0.30 
1117.82 
+ 1.6200 

PU 
T_{0} 
300 
0.60 
3.90 
1.98 
304.81 
+ 1.6033 
T_{C} 
600 
22.40 
2.00 
0.04 
609.61 
+ 1.6017 

T_{UV} 
400 
9.40 
1.30 
0.11 
406.41 
+ 1.6025 

MS 
T_{0} 
500 
4.00 
1.80 
0.26 
508.04 
+ 1.6080 
T_{C} 
800 
117.60 
2.50 
0.06 
812.80 
+ 1.6000 

T_{UV} 
600 
17.90 
2.10 
0.07 
609.61 
+ 1.6017 
This section reports the results obtained by the analytical analysis previously presented. The results obtained from the experimental campaign allowed the evaluation of the values of the fracture energy, shear stresses in the adhesive and the ultimate displacement.
Table 5 summarises the results obtained from the experimental campaign described above. In particular, the experimental values of the ultimate load, displacement, maximum shear stress and fracture energy, obtained by Eq. (5), are given here. The value of the ultimate load obtained from the theoretical analysis (Eq. (15)) is calculated. A good agreement is observed between the load value predicted by the theoretical analysis and the experimental one (variation of the results contained within 2%). In this sense, it is possible to obtain the experimental value of the fracture energy for different combinations of adhesives. Once this value is known, it is possible to predict the value of the failure load for different geometrical layouts of the adhesive surface. The results obtained show the applicability of the above theory for the design of adhesive joints.
The shear behavior of single lap adhesive joints between pultruded GFRP adherends is investigated both experimentally, by evaluating the data from the experimental campaign reported in Ref. [21], and theoretically, using the fracture mechanics analysis. The results obtained from the experimental campaign are the following:
This paper presents a practical method for evaluating the ultimate load in singlelap joints between adhesives in GFRP pultruded profiles. The experimental data allow the evaluation of the ultimate load and displacement, and consequently of the fracture energy G_{f}. Through the cohesive zone theory and, in particular, through the pushpush joint model, it is possible to determine the value of the ultimate load to a good approximation. Future developments of the present research will deepen the comparison of the above model with further combinations of adherends and adhesives, and will verify the application of the above theoretical model to different types of stresses (e.g. dynamic regime) and artificial ageing of bonded joints.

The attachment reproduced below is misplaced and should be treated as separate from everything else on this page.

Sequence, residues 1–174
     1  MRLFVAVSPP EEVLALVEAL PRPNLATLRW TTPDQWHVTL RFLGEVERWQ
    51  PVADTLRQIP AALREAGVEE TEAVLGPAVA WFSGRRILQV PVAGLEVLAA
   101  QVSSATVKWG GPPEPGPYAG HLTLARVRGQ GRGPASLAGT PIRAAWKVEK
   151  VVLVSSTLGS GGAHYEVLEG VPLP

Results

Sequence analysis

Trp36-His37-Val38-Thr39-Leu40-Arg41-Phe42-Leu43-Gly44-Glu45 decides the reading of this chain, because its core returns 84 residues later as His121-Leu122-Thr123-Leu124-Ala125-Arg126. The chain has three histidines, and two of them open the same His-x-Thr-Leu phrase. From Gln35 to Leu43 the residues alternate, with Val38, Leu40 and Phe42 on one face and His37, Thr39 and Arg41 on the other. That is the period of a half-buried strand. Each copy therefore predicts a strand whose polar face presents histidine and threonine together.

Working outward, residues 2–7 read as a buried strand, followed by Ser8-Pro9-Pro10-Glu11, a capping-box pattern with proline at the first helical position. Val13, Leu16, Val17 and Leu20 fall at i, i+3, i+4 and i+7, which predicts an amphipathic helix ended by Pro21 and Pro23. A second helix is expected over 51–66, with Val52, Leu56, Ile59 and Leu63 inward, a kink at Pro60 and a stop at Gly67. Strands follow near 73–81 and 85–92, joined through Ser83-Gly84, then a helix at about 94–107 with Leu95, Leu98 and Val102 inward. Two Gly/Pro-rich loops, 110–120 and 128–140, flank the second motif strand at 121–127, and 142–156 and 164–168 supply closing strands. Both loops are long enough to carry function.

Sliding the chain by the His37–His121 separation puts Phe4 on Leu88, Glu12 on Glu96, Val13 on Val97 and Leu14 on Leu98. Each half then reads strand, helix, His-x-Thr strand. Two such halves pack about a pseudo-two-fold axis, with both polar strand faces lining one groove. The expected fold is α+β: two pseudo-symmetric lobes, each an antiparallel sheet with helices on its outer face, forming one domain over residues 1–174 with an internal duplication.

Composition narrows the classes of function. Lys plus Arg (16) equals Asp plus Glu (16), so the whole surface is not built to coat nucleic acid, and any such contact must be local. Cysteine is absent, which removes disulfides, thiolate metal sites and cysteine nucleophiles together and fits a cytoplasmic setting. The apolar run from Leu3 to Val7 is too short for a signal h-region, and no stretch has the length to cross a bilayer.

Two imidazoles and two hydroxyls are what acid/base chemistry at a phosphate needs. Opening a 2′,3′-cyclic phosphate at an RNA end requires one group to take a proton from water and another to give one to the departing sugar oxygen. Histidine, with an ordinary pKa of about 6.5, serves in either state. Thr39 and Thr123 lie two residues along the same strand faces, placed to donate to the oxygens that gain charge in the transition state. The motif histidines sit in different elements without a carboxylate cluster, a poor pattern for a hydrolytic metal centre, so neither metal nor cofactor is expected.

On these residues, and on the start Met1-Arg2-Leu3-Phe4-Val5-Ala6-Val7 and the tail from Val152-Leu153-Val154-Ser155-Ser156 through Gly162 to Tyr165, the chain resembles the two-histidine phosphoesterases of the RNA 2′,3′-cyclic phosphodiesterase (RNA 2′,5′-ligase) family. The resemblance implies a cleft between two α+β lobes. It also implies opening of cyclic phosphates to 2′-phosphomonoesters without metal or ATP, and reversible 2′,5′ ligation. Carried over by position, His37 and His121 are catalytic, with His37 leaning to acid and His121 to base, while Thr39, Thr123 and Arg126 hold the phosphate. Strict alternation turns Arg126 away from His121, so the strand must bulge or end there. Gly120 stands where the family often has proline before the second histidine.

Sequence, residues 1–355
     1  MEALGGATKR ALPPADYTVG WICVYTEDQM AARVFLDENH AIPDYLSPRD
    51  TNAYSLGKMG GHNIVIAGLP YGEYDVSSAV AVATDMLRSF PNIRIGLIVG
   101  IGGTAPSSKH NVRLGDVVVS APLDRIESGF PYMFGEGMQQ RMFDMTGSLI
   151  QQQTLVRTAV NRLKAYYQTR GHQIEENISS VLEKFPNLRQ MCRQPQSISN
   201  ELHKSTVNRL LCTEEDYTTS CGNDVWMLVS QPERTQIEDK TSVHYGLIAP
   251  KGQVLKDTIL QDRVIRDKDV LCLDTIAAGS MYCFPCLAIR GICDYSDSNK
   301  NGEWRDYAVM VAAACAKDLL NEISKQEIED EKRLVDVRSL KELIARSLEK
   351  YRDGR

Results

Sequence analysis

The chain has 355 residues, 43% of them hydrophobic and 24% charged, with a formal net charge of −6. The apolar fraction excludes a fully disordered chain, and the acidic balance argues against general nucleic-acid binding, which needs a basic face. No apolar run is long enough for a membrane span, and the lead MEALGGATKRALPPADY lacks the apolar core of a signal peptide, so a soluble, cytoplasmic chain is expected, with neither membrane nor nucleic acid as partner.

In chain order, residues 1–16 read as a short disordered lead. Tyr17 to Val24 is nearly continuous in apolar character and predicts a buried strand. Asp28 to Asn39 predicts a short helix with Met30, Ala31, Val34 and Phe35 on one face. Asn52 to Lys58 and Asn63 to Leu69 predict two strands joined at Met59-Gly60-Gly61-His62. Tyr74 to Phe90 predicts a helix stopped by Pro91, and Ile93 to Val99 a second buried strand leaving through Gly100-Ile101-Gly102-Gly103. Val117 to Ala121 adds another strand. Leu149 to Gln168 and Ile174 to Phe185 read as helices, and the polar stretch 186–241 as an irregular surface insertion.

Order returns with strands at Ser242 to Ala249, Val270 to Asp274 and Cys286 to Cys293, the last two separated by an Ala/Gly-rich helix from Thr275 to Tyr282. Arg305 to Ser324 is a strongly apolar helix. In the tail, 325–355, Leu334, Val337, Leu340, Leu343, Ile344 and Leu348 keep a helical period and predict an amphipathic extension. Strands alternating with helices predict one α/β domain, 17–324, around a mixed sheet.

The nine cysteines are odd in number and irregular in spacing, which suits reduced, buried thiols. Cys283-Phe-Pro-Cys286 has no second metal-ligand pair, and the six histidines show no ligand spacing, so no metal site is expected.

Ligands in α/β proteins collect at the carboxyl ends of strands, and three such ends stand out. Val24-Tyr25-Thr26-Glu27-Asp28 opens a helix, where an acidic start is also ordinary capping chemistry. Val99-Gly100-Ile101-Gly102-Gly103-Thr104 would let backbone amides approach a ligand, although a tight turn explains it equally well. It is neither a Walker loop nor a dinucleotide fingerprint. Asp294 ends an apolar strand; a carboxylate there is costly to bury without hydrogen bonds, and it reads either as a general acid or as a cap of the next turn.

b_{i} 
width of the adherend 
t_{i} 
thickness of the adherend 
E_{t} 
Young Modulus in tension 
P_{max} 
maximum theoretical/exp. load 
ACR 
acrylic adhesive 
A_{t} 
Application temperature 
EPX1 
First Epoxy Adhesive 
EPX2 
Second Epoxy Adhesive 
GFRP 
Glassfiberreinforced polymer 
k 
Stiffness 
L 
Joint elongation 
MET 
methacrylate adhesive 
MF 
Mixed failure 
MS 
Second polyurethane adhesive 
PU 
First polyurethane adhesive 
S_{t} 
Service temperature 
T_{0} 
Unaged conditions 
T_{C} 
Artificial aging in climatic chamber 
T_{UV} 
Artificial aging under UV rays 
W_{t} 
Working time at 22℃ 
Greek symbols 

$\sigma_{t}$ 
axial strenght 
$\alpha$ 
Thermal coefficient of expansion 
$\varepsilon_{\mathrm{t}}$ 
Tensile strain 
$\sigma_{t}$ 
Tensile strenght 
$\tau$ 
Shear stress 
$\gamma$ 
Shear strain at failure 
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[24] ISO 62702:2017 Paints and varnishes — Determination of resistance to humidity — Part 2: Condensation (incabinet exposure with heated water reservoir.